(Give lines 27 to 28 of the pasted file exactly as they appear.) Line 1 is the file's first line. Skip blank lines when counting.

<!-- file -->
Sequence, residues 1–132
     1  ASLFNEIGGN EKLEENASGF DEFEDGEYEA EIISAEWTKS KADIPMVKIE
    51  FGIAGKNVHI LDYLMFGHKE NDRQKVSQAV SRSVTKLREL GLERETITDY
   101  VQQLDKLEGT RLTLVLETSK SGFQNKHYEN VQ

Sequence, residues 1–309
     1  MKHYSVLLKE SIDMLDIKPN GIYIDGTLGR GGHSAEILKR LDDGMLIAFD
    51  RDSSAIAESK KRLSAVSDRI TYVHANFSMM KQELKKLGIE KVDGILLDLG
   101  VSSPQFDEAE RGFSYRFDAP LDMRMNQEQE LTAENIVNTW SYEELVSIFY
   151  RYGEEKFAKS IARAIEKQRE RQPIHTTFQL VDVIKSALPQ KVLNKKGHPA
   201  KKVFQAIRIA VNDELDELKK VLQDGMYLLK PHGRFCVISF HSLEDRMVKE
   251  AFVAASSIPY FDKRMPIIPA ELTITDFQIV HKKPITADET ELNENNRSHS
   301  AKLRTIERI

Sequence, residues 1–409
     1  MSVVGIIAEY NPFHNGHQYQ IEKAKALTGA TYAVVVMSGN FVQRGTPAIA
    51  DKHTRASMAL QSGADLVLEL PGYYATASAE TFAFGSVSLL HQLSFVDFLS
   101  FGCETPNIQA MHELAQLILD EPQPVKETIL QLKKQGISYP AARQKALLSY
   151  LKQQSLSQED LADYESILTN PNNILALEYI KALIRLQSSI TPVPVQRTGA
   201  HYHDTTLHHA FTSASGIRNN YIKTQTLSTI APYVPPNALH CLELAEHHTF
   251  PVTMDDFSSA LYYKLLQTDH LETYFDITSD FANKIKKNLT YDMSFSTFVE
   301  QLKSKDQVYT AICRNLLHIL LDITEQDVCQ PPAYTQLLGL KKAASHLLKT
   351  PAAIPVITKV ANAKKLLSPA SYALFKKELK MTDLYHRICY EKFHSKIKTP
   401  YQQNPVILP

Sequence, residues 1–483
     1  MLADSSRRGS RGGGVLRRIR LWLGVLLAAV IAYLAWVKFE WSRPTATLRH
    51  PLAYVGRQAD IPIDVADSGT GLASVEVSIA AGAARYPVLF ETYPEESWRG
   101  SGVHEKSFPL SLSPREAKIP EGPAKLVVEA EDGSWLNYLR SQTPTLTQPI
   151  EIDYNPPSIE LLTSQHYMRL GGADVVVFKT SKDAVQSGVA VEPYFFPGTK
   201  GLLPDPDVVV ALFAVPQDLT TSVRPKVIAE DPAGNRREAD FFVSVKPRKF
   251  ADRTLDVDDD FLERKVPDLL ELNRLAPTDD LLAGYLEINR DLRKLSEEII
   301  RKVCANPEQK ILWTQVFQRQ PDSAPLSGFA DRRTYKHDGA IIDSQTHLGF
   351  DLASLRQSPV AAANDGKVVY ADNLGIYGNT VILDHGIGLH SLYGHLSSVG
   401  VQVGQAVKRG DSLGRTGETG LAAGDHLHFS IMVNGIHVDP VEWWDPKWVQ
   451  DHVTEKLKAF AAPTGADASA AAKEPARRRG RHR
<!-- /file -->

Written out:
   151  EIDYNPPSIE LLTSQHYMRL GGADVVVFKT SKDAVQSGVA VEPYFFPGTK
   201  GLLPDPDVVV ALFAVPQDLT TSVRPKVIAE DPAGNRREAD FFVSVKPRKF